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Kearney (1999:36-39) – possibilidade [Möglichkeit]

sexta-feira 29 de março de 2024, por Cardoso de Castro


Heidegger não sugere que a existência humana seja apenas possibilidade. Mais exatamente, descreve-a como atualidade e possibilidade, sublinhando o fato de que a última é local da primeira. Sou um ser-aí que foi "jogado" à existência e que nada pode fazer para alterar este fato. O próprio "significado" (Bedeutung  ) de ser "jogado" (Geworfenheit  ) e da minha facticidade (Faktizität  ) enquanto ser que existe de fato só pode ser interpretado a partir da perspectiva mais fundamental da possibilidade. Por outras palavras, a interpretação de mim mesmo como "jogado" (geworfen) neste mundo só tem sentido com base na minha compreensão de mim mesmo como ser que é sempre "projetado" (entwerfen  ) para o mundo como possibilidade. Isto não significa que habitemos dois mundos. Existe apenas um mundo que, tal como Dasein  , é simultaneamente atual e possível, presente e futuro. O possível é o horizonte do mundo, e o mundo é o horizonte do Dasein. A possibilidade é aquele mundo-horizonte para o qual (woraufhin  ) me dirijo na transcendência temporalizante que, por si só, dá sentido e valor ao meu mundo atual.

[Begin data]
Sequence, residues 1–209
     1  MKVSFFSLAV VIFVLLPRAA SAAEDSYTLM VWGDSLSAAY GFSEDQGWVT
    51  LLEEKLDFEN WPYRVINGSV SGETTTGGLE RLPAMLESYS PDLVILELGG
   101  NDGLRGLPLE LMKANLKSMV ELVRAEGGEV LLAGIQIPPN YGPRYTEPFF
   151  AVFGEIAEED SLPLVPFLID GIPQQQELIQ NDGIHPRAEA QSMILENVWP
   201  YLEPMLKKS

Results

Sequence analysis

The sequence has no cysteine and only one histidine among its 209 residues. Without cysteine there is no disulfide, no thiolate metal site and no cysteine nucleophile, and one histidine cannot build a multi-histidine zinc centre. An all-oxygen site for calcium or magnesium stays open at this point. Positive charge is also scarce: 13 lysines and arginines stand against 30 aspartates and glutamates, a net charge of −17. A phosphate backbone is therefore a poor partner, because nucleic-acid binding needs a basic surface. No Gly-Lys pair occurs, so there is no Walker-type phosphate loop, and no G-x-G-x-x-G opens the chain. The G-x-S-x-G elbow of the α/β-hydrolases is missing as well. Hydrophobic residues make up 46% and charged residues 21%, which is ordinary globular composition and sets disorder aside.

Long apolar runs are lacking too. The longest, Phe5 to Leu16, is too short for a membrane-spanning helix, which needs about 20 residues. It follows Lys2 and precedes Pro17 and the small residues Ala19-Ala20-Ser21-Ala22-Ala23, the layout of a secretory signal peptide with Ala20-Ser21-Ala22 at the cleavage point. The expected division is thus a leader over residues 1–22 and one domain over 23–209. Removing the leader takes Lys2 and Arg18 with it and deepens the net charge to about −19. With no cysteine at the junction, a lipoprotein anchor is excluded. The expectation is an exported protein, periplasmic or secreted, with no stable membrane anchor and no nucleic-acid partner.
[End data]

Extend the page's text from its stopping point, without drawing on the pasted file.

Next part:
Se Heidegger defende que a compreensão de Möglichkeit   é o fundamento da nossa existência, não nega que essa compreensão possa por vezes ser inautêntica. A possibilidade é inautêntica quando é interpretada como um estado de dado objetivável (Seiende   als Vorhandenheit  ) e não como o "Ser" do nosso ser-presente. Todas as possibilidades "lógicas", "factuais", "existenciais" ou "ônticas", como Heidegger nos recorda em Ser e Tempo  , são inautênticas na medida em que interpretam o possível com base na presença, mascarando assim o seu papel autêntico como condição da presença. Em suma, a possibilidade é autêntica quando é entendida como uma expressão do Sein   da nossa existência e inautêntica quando é entendida como uma expressão da nossa existência como Seiende, i.e., como uma entidade de dado ôntico.